What did you eat last night for dinner?

Discussion in 'Social Life, Food & Drink, Travel' started by Fabienne, Jan 31, 2005.

  1. whoopee

    whoopee Senior member

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    After checking out my local immigration rally this afternoon, had a pile of oysters with a couple pints of Guiness. Lovely day.
     


  2. imageWIS

    imageWIS Senior member

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    After checking out my local immigration rally this afternoon, had a pile of oysters with a couple pints of Guiness. Lovely day.

    The Cubans automatically get citizenship in the US, so no immigration rallies in my area (esp. in Boca, where the avg. household income is a lot higher than normal).

    Jon.
     


  3. Fabienne

    Fabienne Senior member

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    Halved avocadoes with shallots and Dijon mustard dressing
    Spanish dish of garlic shrimp sauteed with madeira wine and lime juice, etc.
    Over plain arborio rice.

    I wouldn't have thought so, but the madeira wine/lime juice combination made for a deliciously subtle sauce.
     


  4. Alter

    Alter Senior member

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    Halved avocadoes with shallots and Dijon mustard dressing
    Spanish dish of garlic shrimp sauteed with madeira wine and lime juice, etc.
    Over plain arborio rice.

    I wouldn't have thought so, but the madeira wine/lime juice combination made for a deliciously subtle sauce.


    Oooh, that sounds good [​IMG] ! Recipe for the Madeira + lime thing?
     


  5. Fabienne

    Fabienne Senior member

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    Oooh, that sounds good [​IMG] ! Recipe for the Madeira + lime thing?

    I sort of adapted, so it's not exactly the original Spanish recipe, but close enough:

    about a pound of shrimp, peeled and deveined
    Olive oil, about 2 tablespoons
    2 good size shallots, chopped (or 1 small white or red onion)
    6 cloves of garlic, minced
    3-5 tablespoons of madeira wine
    juice of one plump lime
    1/2 cup-1 cup of chicken broth
    1/2 tbsp of paprika
    1/2 teaspoon (or more to taste) of cayenne pepper

    Saute the chopped shallots in olive oil till they become soft but not brown, then add the garlic and the shrimp. Cook till shrimp turns pink.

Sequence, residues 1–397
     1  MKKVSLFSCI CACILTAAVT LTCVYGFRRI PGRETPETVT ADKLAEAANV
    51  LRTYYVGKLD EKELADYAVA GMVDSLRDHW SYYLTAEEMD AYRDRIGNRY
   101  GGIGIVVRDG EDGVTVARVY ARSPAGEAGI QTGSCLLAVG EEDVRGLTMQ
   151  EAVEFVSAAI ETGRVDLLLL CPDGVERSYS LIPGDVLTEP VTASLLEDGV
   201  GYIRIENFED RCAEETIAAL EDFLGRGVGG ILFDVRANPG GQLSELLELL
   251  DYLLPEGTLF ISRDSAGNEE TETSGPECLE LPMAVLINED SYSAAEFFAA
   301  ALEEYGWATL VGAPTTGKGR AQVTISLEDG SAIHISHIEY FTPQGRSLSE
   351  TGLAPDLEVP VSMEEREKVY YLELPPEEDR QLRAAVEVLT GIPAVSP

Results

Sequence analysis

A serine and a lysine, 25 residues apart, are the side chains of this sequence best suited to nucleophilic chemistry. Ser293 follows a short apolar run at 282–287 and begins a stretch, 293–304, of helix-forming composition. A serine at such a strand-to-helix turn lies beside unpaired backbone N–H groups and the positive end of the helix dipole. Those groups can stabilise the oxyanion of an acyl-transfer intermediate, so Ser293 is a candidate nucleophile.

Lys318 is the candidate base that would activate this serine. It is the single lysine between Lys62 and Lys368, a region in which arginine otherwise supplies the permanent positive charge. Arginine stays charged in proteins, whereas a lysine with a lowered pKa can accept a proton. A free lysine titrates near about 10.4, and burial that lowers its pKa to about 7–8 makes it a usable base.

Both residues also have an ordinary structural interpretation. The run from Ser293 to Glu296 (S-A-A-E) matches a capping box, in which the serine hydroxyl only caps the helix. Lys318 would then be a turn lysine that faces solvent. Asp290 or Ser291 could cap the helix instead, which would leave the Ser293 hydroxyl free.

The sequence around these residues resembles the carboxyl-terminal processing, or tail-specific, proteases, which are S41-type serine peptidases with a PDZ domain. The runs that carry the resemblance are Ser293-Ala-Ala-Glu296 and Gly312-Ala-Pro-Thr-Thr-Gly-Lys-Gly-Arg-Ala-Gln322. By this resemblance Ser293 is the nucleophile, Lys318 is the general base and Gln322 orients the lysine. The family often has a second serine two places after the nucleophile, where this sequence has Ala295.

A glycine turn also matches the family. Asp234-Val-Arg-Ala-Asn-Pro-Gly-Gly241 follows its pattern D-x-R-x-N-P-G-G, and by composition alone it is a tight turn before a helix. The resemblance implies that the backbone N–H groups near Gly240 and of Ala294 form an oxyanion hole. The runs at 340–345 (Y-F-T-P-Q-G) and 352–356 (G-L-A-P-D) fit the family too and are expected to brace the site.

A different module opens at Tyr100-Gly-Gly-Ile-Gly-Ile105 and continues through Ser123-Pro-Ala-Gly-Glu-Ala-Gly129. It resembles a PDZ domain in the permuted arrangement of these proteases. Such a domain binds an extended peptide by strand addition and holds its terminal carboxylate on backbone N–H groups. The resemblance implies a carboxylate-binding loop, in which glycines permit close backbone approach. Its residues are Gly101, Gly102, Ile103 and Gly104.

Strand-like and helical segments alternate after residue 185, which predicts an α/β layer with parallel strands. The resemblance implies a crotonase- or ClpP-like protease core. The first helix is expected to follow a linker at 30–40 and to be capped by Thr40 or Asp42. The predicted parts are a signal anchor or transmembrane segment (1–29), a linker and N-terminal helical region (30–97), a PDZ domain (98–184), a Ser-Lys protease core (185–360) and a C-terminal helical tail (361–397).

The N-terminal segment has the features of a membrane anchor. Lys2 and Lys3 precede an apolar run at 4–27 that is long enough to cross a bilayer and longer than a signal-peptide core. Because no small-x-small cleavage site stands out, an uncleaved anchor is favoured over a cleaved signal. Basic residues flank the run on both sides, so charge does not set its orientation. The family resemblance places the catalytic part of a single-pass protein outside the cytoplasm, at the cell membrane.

Retrieve the shrimp from the pan and set aside.
    Add all the other ingredients and let the sauce reduce for 2 minutes, then add the cooked shrimp, toss for a few seconds, and serve. You may sprinkle with chopped parsley, upon serving (I didn't have any).

    It's supposed to be a tapas, but works well over rice. I hope you like it.
     


  6. Alter

    Alter Senior member

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    I sort of adapted, so it's not exactly the original Spanish recipe, but close enough:

    about a pound of shrimp, peeled and deveined
    Olive oil, about 2 tablespoons
    2 good size shallots, chopped (or 1 small white or red onion)
    6 cloves of garlic, minced
    3-5 tablespoons of madeira wine
    juice of one plump lime
    1/2 cup-1 cup of chicken broth
    1/2 tbsp of paprika
    1/2 teaspoon (or more to taste) of cayenne pepper

    Saute the chopped shallots in olive oil till they become soft but not brown, then add the garlic and the shrimp. Cook till shrimp turns pink.
    Retrieve the shrimp from the pan and set aside.
    Add all the other ingredients and let the sauce reduce for 2 minutes, then add the cooked shrimp, toss for a few seconds, and serve. You may sprinkle with chopped parsley, upon serving (I didn't have any).

    It's supposed to be a tapas, but works well over rice. I hope you like it.


    Fabienne,

    Many thanks! I will let you know how it turns out.

    Eric
     


  7. VMan

    VMan Senior member

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    Eating two of my specialty sandwiches that I make...they taste really good, and are quick to make!

    Toast two slices of good bread.
    Spread with Chipotle mayo (regular mayo works too).
    Add a liberal amount of good quality smoked ham.
    Add some hot giardiniara (optional, but I like my food really spicy).
    Add some sliced pepperjack cheese (aged sharp cheddar works great too).

    Cover sandwich with the other slice of bread and microwave for 30 seconds until the cheese melts (but not so long as to make the toast soggy).

    Enjoy!
     


  8. Fabienne

    Fabienne Senior member

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    Nicer weather, so grilling was in order: